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About The Cleveland gazette. [volume] (Cleveland, Ohio) 194?-1945
Cleveland, Ohio (194?-1945)
- The Cleveland gazette. [volume] : (Cleveland, Ohio) 194?-1945
- Place of publication:
- Cleveland, Ohio
- Geographic coverage:
- Cleveland Pub. Co.
- Dates of publication:
- Ceased with May 20, 1945 issue?
- African American newspapers--Ohio.
- African American newspapers.--fast--(OCoLC)fst00799278
- African Americans--Ohio--Newspapers.
- African Americans.--fast--(OCoLC)fst00799558
- Cleveland (Ohio)--Newspapers.
- Cuyahoga County (Ohio)--Newspapers.
- Ohio--Cuyahoga County.--fast--(OCoLC)fst01202752
- Also issued on microfilm from Library of Congress Photoduplication Service.
- Description based on: Vol. 61, no. 9 (Sept. 16, 1944).
- Latest issue consulted: Vol. 62, no. 43 (May 20, 1945).
- sn 83035388
- Preceding Titles:
- View complete holdings information
The Cleveland Gazette, The Gazette, and The Cleveland Gazette
Originally from Clarksburg, West Virginia, African American newspaper editor and politician Harry Clay Smith (sometimes "Henry Clay Smith" or "H.C. Smith") discovered journalism at the desegregated Central High School in Cleveland, OH. He started the Cleveland Gazette and the Gazette Publishing Company with John F. Lightfoot, John A. Holmes, and James H. Jackson in 1883. By the time it ended, the Gazette had become the longest running African American newspaper in Ohio and the nation.
The 1860s and 1870s saw a decrease in African American newspapers due to the Civil War and Reconstruction periods. With the increase in African American literacy and migration by the 1880s, the nation saw a rejuvenation of African American periodicals and newspapers protesting and fighting for African American civil rights. The Cleveland Gazette was one of the titles aimed at mobilizing Ohioan African American voters for anti-mob, anti-lynching, and desegregation causes.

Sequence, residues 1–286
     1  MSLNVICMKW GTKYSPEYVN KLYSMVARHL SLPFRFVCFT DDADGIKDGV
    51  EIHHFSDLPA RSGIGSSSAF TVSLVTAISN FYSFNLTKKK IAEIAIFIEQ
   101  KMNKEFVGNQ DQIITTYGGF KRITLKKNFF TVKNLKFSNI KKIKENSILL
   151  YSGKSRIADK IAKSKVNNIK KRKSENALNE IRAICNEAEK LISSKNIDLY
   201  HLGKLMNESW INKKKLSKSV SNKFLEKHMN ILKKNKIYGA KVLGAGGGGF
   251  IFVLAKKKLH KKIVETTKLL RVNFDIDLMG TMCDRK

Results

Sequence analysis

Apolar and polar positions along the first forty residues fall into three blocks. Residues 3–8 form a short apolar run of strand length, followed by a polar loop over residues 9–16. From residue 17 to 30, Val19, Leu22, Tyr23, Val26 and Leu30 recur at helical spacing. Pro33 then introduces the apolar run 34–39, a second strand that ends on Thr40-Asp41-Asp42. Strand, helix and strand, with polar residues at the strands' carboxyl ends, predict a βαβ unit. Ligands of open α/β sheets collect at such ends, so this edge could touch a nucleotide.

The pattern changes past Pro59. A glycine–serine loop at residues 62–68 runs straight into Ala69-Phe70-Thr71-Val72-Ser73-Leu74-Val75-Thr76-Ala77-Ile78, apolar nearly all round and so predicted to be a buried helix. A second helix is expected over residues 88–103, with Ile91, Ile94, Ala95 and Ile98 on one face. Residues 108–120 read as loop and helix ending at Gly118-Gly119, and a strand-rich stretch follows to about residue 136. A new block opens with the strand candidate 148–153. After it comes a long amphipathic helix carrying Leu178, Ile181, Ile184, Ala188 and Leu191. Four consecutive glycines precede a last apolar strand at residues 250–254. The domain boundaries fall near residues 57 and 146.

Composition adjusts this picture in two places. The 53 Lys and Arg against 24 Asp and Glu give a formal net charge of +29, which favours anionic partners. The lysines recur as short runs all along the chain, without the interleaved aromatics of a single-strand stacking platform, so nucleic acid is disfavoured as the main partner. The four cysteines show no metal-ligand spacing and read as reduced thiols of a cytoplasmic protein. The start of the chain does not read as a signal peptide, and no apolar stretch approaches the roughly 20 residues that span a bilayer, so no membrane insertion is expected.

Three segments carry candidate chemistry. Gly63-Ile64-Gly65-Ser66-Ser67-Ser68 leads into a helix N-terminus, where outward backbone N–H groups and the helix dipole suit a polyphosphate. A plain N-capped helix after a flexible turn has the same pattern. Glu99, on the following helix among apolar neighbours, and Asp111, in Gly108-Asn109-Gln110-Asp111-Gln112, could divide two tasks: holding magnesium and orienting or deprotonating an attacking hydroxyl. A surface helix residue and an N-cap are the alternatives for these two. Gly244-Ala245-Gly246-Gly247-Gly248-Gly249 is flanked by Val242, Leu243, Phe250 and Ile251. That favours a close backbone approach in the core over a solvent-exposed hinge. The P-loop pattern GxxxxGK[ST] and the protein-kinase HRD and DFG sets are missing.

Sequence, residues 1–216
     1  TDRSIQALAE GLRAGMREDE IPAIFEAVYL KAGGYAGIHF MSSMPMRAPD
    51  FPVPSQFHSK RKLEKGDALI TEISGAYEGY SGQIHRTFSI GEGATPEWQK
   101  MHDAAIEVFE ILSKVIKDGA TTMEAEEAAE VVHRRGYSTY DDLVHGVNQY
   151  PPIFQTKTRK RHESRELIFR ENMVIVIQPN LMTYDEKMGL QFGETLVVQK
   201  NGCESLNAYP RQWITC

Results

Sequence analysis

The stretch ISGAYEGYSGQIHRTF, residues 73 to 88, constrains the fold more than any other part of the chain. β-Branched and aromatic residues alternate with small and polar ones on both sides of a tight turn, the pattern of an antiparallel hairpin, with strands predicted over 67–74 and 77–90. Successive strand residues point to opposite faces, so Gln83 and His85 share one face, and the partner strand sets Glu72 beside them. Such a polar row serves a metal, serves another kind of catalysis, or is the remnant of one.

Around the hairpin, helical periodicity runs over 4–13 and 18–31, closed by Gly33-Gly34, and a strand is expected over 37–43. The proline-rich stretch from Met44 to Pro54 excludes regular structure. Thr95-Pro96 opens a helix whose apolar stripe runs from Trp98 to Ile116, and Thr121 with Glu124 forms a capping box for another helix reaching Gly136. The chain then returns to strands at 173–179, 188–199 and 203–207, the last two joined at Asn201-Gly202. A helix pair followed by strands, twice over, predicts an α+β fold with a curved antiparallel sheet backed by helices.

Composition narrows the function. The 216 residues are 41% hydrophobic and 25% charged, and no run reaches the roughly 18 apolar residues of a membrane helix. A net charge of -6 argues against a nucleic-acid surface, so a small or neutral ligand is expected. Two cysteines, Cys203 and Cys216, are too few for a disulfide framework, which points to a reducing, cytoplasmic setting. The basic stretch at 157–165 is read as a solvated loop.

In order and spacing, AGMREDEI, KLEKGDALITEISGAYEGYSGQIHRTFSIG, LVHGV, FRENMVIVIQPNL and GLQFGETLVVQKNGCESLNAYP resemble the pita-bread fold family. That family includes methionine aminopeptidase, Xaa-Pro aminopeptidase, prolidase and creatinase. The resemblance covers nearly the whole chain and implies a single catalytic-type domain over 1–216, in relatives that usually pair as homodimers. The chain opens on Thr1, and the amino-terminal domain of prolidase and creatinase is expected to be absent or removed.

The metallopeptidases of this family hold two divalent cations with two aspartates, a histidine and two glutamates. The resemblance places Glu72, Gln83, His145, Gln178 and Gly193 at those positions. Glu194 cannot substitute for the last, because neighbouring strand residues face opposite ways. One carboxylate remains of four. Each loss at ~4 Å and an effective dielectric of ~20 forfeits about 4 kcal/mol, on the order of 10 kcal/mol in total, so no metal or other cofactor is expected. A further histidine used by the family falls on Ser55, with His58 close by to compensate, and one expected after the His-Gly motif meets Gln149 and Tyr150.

The Cleveland Gazette was the first newspaper to revive the Cleveland Black press scene since the Aliened American folded in 1854. Written under the motto "In Union is Strength," the Cleveland Gazette was a six-columned, four-page, weekly paper. It promoted the Republican party and Smith's political agenda. In its inaugural issue on August 25, 1883, the Cleveland Gazette stated that it was a "stern advocate of the People's Rights" and stood for "absolute impartiality in newspaper treatment." It rallied for "young colored voters [to] arise … get what is justly your due or make someone feel your weight." The paper wanted to serve and receive support from African Americans in Cuyahoga County but also the state. In November 1892, Smith left the partnership of the Gazette Publishing Company. He became the paper's editor and proprietor, and he changed the title to the Gazette.
It is unclear how many subscribers the Gazette had during its tenure. Before its name change, the paper reported "our circulation is 3,000 and it is no reason why it should not be 5,000 by April 1" in its March 20, 1886 issue. The paper still had not reached its goal as stated in 1887 issues. In the January 13, 1900 issue, the Gazette boasted that it was "the oldest … and has the largest bona fide circulation, double that of any journal in the interest of Afro-Americans, published in the state of Ohio." In the January 3, 1942 issue, the Gazette would later report that it had reached "thousands of readers in all parts of the country." According to "The Ohio Black Press in the 19th Century" digital project, the Gazette had an estimated circulation between 5,000 and 18,000 in its lifetime.